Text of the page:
If the list of eligibility
requirements for the affordable housing project is anything to go by, many
Malaysians who have registered for PR1MA would have gotten a PR1MA house as
soon as the developers would want to sell it. The problem is, it doesn’t work
that way. In between developers and keen buyers, there lies a role – the banks –
who holds all the cards that decide whether the buyers will have enough money
for the deal. As of today, it seems that all is not good for affordable housing
In Malaysia today the demand for property remains strong even though property prices continue to increase. However, according to statistics from Bank Negara, it shows that applications for housing loans declined during the first eight months of 2015. Does this indicates that the Rakyat wants to buy a home but do not having enough money? High property prices coupled with the increasing cost of living have increased the demand for affordable housing.
Let us take a quick look at some of the key financial events during 2015. Malaysia’s government introduced the implementation of Goods and Services Tax (GST) back in April 2015. The cost of living has grown sharply since with the implementation of GST affecting people on low incomes due to necessities which are mostly liable to GST. Thus, the 1MDB government scandal brought a global economical impact leading to the depreciation of Ringgit Malaysia’s value and caused inflation. Imported goods increased by more than 20%. The continuous instability of political issues in the country has been influencing the country’s economics. Wages are not keeping up with the cost of living, people are trying to reduce unnecessary expenditures and tighten their belt.
Most readers will have been through the 1997 Asian currency crisis but how many of us still remember the panic brought about by the disastrous slump of the Ringgit that lasted for a year? Today, our beloved currency, which is also the Asia's worst performing currency, has dropped almost 18% since last August. Bank Negara Malaysia’s (BNM) Governor, Tan Sri Zeti Akhtar Aziz expressed her confidence in the fundamentals of the Ringgit because, according to her words, it is undervalued. In general, here are some winners and losers behind the Ringgit’s slide.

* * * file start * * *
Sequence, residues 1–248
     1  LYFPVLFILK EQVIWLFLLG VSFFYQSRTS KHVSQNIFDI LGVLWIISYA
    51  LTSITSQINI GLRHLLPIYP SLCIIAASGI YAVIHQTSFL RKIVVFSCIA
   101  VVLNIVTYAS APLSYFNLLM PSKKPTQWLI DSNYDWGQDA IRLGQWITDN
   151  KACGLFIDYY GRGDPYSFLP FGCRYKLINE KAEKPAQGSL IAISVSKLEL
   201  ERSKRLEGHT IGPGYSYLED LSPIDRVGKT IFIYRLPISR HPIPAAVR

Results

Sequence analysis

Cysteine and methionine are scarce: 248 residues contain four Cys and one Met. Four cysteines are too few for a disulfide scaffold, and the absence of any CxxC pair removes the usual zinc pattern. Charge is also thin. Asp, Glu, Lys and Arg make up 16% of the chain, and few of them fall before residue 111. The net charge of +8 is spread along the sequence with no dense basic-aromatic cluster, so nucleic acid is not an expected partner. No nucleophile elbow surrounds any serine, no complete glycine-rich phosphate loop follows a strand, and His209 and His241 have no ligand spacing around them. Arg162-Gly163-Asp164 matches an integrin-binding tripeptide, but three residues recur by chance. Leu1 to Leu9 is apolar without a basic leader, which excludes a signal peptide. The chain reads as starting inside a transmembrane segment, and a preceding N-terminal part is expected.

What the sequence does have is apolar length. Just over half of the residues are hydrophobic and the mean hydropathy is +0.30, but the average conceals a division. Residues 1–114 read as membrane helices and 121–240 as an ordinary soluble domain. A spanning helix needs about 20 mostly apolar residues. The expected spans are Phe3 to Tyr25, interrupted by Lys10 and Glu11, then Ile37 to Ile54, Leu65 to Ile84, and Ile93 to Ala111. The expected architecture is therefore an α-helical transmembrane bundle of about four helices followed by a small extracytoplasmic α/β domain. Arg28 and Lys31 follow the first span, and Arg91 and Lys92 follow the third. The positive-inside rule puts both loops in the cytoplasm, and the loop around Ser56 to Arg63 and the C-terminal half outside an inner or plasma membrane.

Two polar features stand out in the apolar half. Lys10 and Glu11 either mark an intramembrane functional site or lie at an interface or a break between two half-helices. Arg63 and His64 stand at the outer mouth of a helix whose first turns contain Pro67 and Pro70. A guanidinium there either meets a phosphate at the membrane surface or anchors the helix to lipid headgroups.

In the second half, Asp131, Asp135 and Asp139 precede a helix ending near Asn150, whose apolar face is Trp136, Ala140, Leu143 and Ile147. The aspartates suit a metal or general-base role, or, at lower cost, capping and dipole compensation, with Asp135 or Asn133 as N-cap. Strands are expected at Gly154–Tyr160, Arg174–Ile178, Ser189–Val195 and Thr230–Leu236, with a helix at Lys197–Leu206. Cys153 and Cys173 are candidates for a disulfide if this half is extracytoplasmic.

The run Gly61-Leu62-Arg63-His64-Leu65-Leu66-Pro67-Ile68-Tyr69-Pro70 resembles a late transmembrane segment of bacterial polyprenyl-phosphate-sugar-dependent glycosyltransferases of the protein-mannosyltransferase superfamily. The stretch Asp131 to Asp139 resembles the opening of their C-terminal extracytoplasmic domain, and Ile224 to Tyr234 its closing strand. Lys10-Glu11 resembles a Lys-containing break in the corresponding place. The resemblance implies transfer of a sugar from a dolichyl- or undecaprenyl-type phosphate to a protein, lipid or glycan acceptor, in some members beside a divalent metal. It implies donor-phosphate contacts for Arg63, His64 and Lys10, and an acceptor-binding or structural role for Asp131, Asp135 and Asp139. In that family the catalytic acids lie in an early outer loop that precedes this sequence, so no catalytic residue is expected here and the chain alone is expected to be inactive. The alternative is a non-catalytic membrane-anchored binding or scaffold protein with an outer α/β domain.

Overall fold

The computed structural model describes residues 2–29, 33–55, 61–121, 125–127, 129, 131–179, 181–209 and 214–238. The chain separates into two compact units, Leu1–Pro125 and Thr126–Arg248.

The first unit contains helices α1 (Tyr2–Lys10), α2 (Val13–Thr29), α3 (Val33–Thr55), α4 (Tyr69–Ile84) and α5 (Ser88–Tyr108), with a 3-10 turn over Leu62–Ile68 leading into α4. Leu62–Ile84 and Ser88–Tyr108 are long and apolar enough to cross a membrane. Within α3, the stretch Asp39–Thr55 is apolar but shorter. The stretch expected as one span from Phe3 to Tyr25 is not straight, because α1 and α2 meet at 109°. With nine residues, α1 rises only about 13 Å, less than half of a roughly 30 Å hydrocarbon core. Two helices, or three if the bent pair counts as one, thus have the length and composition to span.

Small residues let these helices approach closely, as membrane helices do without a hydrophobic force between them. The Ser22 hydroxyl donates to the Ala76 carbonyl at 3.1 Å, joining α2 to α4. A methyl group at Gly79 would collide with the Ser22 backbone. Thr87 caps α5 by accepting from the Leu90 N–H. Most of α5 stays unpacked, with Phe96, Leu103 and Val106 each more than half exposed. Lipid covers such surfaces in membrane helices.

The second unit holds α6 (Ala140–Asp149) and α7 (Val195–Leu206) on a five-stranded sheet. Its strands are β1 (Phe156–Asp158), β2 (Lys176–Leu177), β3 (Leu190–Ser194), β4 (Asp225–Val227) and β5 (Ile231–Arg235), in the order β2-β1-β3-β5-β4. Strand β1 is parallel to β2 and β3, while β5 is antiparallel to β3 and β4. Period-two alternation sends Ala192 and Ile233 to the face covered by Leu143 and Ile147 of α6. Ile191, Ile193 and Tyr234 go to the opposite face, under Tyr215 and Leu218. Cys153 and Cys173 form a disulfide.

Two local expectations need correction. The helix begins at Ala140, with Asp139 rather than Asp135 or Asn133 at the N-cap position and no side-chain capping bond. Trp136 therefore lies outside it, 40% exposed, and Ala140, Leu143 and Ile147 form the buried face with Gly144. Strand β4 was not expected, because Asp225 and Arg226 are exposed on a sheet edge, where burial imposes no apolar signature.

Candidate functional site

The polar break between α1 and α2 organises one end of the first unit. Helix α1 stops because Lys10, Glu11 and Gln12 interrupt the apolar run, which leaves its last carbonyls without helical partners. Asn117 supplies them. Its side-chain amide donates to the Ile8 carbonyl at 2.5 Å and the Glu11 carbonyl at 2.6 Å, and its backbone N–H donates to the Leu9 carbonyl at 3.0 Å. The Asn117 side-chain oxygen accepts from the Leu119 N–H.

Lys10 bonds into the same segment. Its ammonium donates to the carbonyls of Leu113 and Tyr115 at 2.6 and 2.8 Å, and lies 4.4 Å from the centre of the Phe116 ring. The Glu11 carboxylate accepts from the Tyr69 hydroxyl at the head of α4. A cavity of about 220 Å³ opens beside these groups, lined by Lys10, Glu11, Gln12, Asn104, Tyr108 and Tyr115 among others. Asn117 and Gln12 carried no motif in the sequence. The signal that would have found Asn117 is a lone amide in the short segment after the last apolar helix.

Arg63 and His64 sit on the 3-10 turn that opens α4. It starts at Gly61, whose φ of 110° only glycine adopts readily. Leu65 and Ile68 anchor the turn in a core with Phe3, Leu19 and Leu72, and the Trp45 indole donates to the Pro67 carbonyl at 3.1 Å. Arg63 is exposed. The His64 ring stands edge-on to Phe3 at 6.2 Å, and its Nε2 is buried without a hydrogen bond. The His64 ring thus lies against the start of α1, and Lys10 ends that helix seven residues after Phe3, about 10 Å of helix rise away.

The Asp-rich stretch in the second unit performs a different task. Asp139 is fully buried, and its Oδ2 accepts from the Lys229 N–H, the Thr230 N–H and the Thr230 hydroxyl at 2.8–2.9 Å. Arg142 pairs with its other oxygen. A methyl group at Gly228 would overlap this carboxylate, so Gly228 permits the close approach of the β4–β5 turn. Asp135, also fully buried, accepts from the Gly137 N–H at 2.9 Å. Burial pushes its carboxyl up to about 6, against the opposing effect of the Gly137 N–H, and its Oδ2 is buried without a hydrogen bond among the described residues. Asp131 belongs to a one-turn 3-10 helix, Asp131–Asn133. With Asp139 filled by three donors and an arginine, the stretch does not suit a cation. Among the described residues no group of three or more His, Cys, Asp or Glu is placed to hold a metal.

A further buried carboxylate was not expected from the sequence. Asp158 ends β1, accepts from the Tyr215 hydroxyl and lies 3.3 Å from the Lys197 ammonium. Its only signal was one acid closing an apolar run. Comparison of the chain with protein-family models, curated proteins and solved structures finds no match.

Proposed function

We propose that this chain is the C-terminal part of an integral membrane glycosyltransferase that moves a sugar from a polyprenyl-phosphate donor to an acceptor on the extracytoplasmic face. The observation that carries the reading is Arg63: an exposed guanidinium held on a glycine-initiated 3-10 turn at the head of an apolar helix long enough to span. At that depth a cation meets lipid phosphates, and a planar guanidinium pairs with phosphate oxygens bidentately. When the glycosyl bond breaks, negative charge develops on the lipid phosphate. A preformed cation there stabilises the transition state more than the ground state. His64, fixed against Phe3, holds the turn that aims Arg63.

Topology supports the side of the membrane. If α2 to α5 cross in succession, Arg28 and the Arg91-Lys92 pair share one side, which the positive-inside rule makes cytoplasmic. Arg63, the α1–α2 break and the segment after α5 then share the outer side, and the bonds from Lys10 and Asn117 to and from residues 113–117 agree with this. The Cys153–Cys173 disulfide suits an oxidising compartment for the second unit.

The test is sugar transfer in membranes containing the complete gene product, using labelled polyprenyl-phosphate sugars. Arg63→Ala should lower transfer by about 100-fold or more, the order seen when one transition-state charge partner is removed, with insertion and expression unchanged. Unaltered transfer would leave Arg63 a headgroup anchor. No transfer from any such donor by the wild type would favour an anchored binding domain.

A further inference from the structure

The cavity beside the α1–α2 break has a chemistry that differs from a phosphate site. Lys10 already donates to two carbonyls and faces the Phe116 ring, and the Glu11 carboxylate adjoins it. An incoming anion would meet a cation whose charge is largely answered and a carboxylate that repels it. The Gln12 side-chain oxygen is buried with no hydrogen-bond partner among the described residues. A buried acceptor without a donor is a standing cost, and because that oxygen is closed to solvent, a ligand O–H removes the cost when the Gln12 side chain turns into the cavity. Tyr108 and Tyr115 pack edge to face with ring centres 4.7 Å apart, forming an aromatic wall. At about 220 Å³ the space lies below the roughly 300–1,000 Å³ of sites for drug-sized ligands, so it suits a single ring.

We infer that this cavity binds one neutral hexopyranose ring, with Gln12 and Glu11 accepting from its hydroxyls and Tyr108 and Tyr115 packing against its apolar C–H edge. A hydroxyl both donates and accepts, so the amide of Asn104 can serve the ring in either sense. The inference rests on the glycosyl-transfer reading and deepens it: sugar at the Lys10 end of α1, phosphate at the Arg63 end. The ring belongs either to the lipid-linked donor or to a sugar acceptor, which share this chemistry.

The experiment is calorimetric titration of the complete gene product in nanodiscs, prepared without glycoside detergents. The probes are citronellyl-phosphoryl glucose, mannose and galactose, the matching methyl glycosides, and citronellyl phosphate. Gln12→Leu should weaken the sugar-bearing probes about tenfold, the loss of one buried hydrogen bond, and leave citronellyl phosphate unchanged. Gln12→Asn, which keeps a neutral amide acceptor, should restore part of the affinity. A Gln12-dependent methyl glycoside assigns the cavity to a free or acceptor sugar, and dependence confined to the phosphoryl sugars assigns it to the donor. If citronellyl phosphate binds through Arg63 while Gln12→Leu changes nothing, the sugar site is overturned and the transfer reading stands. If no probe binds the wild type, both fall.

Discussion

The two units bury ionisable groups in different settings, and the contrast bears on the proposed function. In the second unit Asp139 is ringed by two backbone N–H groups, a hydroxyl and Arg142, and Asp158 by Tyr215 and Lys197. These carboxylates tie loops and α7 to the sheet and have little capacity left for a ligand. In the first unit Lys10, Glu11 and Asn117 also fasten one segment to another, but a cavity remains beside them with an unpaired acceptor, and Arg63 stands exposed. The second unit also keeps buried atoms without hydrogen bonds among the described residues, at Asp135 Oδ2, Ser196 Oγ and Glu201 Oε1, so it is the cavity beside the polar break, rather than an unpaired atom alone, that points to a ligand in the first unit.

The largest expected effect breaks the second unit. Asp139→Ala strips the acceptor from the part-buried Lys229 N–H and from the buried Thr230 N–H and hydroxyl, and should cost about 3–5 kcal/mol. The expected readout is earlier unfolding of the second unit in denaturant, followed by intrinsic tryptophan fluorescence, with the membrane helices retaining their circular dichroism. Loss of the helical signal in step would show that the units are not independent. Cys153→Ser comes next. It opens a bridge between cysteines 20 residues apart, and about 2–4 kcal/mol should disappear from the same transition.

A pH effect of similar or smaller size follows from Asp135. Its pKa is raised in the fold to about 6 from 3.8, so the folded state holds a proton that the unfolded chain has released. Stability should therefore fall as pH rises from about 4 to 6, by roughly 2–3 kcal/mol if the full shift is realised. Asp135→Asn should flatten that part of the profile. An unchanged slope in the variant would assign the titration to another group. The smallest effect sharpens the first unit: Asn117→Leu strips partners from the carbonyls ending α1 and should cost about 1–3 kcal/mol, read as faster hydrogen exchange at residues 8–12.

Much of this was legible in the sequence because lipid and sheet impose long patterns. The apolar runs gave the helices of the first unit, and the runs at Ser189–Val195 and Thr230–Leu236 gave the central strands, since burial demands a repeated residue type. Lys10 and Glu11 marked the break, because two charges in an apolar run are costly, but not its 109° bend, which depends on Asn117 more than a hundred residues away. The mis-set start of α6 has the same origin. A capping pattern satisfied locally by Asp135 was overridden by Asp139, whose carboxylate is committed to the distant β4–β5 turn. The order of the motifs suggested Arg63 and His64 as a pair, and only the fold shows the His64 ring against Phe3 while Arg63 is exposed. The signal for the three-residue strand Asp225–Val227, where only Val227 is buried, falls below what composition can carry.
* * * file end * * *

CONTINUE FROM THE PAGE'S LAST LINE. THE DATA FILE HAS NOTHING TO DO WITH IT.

It’s been barely a month into 2015 and we received news that Budget 2015 has been revised effective on 20 January, adjusting their fiscal deficit target to 3.2% instead of 3%. Is this a result of bad government planning? Do they need to fork out more funds for the upcoming MRT systems? Are they trimming more taxes? (You wish..) Let’s find out why!
So, oil prices are falling drastically and you’re not sure how to feel about it. What was USD110 per barrel of oil in June 2014 is now trading under USD50 per barrel. On one hand, Yay! Cheaper gas! Cheaper flights! Lower inflation! What’s not to like about it? But on the macro side, you’ve also heard some pretty scary things about Malaysia’s future. Like how falling oil prices could bankrupt us, or lead to a recession. But it’s all so difficult to understand. Are we or are we not supposed to be happy about falling oil prices?
If you’re feeling uncertain, fret not. We’ve come up with a layman’s explanation of what will likely happen to Malaysia if oil prices continue to stay low. Admittedly, it’s not the easiest thing to understand. But by the time you’ve finished reading this, you would have gotten a good grasp on subjects spanning economics, federal budgets, and Malaysia’s role in the global oil trade that you can use to feel smarter.
The collective voices of the Malaysian public were made audible in
the scheduling of Budget 2015; an initiative from the government to lend its
ears to the rakyat and their plights. And as if in unison, the one cry that
resonated was clearly the worries on the rising cost of